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By Catie Summers, V Form
Tantalizing Taboos: Homoerotic Language in The Great Gatsby
F. Scott Fitzgerald does a fantastic job of lacing taboos throughout The Great Gatsby. The most common, however, is homosexuality and homoerotica. Of course, the outlook on homosexuality and the rest of the LGBTQ+ community has changed dramatically over the past one hundred years. It was quite negative and derogatory during the time of the story, commonly referred to as the Roaring Twenties. F. Scott Fitzgerald incorporates aspects of homosexuality in The Great Gatsby through the narrator, Nick Carraway, and his interactions with other male characters throughout the novel. Specifically, Nick’s descriptive language carries a homoerotic affect, meaning his presence in the narrative invites, at least, a queer reading of The Great Gatsby.
Fitzgerald premiers Nick’s homoerotic tone in his description of male characters, particularly in Tom Buchanan. When Nick first meets Tom, Nick speaks as though in reverence of Tom’s physique by stating, “not even the effeminate swank of his riding clothes could hide the enormous power of that body — he seemed to fill those glistening boots until he strained the top lacing, and you could see a great pack of muscle shifting when his shoulder moved under his coat” (Fitzgerald 7). This passage has a sexual appeal to it, a climax, one might argue. Fitzgerald alludes to this by tantalizingly and purposely influencing readers to anticipate a sexual reference after “he seemed to fill those glistening…” but then dropping off and finishing with the word “boots.” By primarily setting a homoerotic tone for Nick’s description, it is natural to assume that this phrase should be an innuendo or euphemism. Yet, Fitzgerald’s writing is so meticulous and nuanced that by ending the phrase with the word “boots,” he allows an ambiguous reading of the phrase, implying a simple in-depth physical description of a character or a subtle hint as to Nick’s sexual tendencies and a queer side to his character unrecognizable before that point.(more…)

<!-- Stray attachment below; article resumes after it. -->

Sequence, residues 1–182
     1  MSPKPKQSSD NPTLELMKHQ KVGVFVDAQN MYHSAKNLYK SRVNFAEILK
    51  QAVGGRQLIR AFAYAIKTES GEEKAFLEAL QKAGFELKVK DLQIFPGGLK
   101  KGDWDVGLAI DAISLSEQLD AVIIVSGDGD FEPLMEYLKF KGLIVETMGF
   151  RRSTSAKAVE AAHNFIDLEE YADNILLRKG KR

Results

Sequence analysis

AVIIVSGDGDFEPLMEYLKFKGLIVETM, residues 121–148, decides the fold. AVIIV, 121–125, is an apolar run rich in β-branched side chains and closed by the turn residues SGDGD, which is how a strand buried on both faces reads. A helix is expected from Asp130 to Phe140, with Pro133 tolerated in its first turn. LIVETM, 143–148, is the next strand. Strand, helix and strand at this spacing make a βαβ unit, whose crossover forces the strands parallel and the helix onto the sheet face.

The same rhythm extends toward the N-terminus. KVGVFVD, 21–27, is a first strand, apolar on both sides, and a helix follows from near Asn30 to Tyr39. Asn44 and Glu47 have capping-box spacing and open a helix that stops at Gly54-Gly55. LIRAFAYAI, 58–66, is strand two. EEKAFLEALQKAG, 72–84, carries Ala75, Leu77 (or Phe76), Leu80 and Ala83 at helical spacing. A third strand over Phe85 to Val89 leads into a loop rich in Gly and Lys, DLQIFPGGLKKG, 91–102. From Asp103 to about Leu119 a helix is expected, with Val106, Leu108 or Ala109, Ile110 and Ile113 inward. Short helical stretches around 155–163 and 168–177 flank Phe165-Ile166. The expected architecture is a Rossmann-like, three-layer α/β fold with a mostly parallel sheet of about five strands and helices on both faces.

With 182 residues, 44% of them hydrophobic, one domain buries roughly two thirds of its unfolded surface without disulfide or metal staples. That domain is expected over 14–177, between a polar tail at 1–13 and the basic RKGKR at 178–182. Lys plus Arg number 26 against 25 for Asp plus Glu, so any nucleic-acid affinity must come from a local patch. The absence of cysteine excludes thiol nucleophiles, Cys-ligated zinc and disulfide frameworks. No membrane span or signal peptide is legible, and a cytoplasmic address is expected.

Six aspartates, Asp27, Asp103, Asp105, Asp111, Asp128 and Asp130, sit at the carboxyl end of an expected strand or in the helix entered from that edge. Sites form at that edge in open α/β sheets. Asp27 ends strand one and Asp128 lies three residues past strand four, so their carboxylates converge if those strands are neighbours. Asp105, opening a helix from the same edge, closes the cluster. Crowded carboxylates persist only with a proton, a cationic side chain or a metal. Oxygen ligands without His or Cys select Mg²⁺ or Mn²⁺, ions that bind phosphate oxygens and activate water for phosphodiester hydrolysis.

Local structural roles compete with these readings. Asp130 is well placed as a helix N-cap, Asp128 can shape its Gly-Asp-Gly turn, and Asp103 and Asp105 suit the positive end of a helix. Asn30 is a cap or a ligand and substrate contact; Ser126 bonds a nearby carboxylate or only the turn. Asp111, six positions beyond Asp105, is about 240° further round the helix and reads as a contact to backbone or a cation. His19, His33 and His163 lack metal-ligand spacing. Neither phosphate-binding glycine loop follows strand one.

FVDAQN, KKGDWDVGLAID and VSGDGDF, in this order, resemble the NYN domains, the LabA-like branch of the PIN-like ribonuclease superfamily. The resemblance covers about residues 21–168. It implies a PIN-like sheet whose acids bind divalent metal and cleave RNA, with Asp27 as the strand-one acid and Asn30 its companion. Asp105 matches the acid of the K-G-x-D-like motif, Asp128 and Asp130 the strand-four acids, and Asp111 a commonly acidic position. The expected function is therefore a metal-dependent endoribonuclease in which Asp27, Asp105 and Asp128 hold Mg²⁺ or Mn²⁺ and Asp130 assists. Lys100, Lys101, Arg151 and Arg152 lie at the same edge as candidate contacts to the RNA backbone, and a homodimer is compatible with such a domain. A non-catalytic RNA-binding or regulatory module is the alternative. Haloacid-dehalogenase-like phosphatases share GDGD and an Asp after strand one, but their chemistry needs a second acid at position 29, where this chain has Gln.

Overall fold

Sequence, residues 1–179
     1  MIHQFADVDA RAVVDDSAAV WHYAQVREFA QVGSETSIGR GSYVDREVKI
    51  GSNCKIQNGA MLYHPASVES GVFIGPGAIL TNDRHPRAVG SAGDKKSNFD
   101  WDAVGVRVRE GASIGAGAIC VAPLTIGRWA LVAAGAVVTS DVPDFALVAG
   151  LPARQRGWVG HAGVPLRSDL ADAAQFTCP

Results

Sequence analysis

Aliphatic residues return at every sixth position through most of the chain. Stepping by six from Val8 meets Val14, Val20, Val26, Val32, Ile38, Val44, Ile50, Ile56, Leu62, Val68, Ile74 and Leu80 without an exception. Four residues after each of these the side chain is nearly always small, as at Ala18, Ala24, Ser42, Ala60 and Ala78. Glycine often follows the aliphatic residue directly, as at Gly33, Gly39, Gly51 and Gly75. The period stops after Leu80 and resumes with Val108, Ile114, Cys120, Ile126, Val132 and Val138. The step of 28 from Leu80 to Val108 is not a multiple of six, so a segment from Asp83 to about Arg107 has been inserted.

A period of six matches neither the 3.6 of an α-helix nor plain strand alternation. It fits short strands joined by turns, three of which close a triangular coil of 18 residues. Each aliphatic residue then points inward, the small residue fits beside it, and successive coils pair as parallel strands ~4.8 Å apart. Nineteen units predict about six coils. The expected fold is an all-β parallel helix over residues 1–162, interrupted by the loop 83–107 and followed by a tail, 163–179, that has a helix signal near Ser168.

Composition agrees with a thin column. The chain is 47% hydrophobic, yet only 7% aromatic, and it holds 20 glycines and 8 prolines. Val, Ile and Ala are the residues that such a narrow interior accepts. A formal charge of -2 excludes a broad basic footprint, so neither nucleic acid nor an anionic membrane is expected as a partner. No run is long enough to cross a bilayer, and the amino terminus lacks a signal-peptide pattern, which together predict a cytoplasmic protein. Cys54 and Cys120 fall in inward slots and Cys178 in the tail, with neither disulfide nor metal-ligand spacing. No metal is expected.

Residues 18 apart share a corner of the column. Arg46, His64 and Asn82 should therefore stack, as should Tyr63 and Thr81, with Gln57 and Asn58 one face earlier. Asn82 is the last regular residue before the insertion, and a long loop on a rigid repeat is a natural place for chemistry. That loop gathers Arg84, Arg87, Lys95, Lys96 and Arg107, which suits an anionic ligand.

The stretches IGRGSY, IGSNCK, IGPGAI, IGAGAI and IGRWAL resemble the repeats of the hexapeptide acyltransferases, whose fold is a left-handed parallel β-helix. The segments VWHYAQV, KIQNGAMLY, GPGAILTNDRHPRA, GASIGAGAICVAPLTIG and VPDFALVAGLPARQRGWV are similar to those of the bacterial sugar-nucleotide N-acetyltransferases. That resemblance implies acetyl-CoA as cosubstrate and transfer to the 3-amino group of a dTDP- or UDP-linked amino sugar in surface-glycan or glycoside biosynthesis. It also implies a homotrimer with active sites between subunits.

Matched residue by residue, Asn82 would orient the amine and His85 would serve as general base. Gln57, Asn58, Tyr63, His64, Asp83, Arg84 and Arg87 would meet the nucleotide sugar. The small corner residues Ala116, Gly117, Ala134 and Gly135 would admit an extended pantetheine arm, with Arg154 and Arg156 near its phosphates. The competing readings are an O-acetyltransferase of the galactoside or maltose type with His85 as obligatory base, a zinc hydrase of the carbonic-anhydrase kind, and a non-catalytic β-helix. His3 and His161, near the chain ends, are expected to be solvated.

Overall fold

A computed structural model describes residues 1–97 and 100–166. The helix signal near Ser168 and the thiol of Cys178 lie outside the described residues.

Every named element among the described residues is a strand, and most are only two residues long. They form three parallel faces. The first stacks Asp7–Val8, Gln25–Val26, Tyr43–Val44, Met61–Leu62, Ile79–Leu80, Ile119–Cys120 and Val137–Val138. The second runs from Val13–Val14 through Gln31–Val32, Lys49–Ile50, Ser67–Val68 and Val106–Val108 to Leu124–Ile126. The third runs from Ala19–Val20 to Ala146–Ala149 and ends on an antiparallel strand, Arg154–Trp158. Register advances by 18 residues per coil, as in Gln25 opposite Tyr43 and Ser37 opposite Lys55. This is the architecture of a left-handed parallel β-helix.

By Lina Zhang, V Form
The Multifaceted Moral Man: Morality and Free Will in Burgess’ A Clockwork Orange
“And what, brothers, I had to escape into sleep from then was the horrible and wrong feeling that it was better to get the hit than give it. If that veck had stayed I might even have like presented the other cheek” (Burgess).
Anthony Burgess’ most famous novel, A Clockwork Orange, debates the essence of morality and the role of free will in achieving the moral man. Through following the imprisonment and release of the novel’s antihero, Alex, the story exposes the flaws and consequences of three different understandings of morality and the importance of free will. Alex’s first significant improvement occurs under the influence of Ludovico’s Treatment, where he finds himself both unable to sin and find pleasure. He then receives a version of liberty by F. Alexander, only to realize that absolute freedom is hypocritical and can only be theoretical. Ultimately, Alex comes to a natural maturation and adopts a morality devoid of any outside influences or expectations. Through providing sharp contrasts between the ideals and realities of morality, Burgess expands on the shortcomings of all three systems of thought while making a consistent strong argument in favor of the individual free will.(more…)
By Grace Kingsbury, VI Form
HER(short)story: Silenced Women in Chimamanda Ngozi Adichie’s Stories
Chimamanda Adichie’s book of short stories, The Thing Around Your Neck, follows African men and women and attempts to explain the ties between the genders. The short story “Jumping Monkey Hill” describes the conflict that a Nigerian writer, Ujunwa, faces during a writing retreat in Cape Town. The head of the writing retreat, Edward, repeatedly ogles her body and makes sexual comments to Ujunwa such as “I’d rather like you to lay down for me” (Adichie 106). The story “The Thing Around Your Neck” depicts a woman who receives a visa to live in American with her uncle. Her uncle sexually assaults her during her stay with him, so she runs away for a fresh start in Connecticut. Besides the obvious gender and race similarities between these two main characters, both women are sexually harassed in their stories. Adichie’s normalization of sexual harassment in “Jumping Monkey Hill” and “The Thing Around Your Neck” reflects the existing culture of silencing women through the unresponsive and accepting women, the bystanders, and Adichie’s cursory acknowledgment of the events.